Although some may view this as only a minor problem, the issues only continue to pile up. There are also problems with identifying the Pishon with the Wadi Batin or any river in Arabia for that matter. The Wadi is particularly straight, is not part of a four-branched estuary as Genesis 2 describes, and does not wind about at any point. Interestingly, there are absolutely no rivers in the region which fit the biblical description of the Pishon (whether dry or not).[25]

The same can be said of identifying the Gihon as the Karun River or Kerkha River. These rivers do not fit the biblical details since they are not part of a four-branch estuary.[26] Also, neither of these rivers flow from Mesopotamia and encompass the Kassite country or any Cush for that matter.[27]

The fact is simply that the geography of Eden does not match anywhere on the globe today. There is not one great river splitting into four rivers, which include the present-day Tigris and Euphrates in Mesopotamia or Armenia, or anywhere for that matter.[28] This includes the ancient idea that the Pishon and Gihon were the Nile or Ganges, or any other major rivers that are very far apart.[29]

Today, smaller rivers flow into larger rivers (tributaries).[30] Quite simply, the Havilah, Assyria, and Cush of Eden do not match up with any known geography.[31] As Ken Ham says, “No matter how one tries to fit this location in the Middle East today, it just can’t be done.”[32]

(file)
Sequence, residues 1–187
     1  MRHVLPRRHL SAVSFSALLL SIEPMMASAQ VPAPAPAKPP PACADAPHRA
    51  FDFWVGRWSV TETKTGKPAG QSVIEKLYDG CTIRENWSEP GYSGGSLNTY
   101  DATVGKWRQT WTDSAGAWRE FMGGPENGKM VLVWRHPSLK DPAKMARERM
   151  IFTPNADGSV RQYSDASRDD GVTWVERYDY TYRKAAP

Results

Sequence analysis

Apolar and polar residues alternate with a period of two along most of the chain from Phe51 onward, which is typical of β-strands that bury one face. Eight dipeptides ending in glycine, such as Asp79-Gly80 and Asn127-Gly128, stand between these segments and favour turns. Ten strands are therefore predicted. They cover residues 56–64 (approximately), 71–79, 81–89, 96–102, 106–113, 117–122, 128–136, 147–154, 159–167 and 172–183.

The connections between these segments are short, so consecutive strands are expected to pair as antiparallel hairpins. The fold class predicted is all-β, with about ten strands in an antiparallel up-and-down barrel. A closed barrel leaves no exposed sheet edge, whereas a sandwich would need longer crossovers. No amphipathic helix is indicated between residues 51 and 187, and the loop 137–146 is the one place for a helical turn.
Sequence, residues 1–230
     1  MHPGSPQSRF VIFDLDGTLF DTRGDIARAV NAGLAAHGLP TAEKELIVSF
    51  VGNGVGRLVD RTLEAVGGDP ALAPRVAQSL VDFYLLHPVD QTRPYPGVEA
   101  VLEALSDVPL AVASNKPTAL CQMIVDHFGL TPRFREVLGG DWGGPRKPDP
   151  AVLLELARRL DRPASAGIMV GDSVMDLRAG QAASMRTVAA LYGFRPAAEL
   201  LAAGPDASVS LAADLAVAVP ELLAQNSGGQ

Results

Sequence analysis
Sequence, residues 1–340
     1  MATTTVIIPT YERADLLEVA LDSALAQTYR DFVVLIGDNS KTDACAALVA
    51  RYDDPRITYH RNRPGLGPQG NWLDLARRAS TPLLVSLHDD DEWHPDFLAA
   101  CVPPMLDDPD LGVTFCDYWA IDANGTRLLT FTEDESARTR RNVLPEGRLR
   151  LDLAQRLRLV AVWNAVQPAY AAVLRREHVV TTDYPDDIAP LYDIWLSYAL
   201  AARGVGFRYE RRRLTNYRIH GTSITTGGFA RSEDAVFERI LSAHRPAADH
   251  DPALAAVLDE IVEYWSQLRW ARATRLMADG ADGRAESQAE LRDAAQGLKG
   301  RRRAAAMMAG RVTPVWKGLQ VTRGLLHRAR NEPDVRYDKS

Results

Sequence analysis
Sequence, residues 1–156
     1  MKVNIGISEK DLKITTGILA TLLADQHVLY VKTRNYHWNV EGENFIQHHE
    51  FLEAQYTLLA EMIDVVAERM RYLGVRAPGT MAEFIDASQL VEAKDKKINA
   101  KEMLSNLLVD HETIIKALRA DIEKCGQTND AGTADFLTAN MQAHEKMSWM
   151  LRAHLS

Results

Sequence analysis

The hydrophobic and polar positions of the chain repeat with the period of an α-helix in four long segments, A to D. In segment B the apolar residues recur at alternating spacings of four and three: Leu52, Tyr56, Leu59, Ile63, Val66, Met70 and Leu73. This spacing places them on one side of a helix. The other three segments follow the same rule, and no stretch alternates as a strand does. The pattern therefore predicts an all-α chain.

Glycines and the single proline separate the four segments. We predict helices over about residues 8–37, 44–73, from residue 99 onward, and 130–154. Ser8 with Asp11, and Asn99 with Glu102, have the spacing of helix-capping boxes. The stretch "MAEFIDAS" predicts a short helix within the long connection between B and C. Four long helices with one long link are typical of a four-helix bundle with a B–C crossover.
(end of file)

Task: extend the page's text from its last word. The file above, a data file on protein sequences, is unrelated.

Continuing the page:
This very fact has led to some very silly ideas, such as the four rivers of Eden representing the Milky Way with its four arms,[33] to some Christians even admitting that Moses simply got the geography of Eden wrong.[34] Gordon Wenham even says that Genesis takes up old mythological motifs and radically transforms them for its own purposes.[35] He also bring up the “apparent” symbolism of Eden.[36]

It seems obvious that Moses “intensifies the impression of a much different past…”[37] The question is “how could the topography change so much.” One possibility is the destructive force of the Great Flood. Studies have shown that if the Flood really occurred like Scripture teaches, then the surface of the world would have been completely rearranged. This would make it impossible for us to know the location of the Garden of Eden.[38] This means that the rivers of Eden no longer exist in our world anymore.[39] This idea is not old as Martin Luther, John Calvin, and even Augustine recognized the likelihood of a changed geography.[40]

Andrew Kulikovsky summarizes the issue well when he says, “It should be clear from the above discussion that the description of the geography of Eden and the garden corresponds to no place on earth at this time or in recent history…The only way inerrancy could be saved is if the earth’s geography had dramatically changed after the account of Eden had been constructed. The most obvious explanation of how such a change could have occurred is by means of the global catastrophic flood described in Genesis 6-9.”[41]

Young-Earth Creationism

Even though the Great Flood solves the issue of the location of Eden, most Christians simply will not accept this idea. Many today follow the rest of the world in believing the materialistic philosophies of Darwinian evolution and an old earth. In this section, I want to look briefly at some objections that are brought forth that try to debunk the belief that the Flood changed the geography of Eden.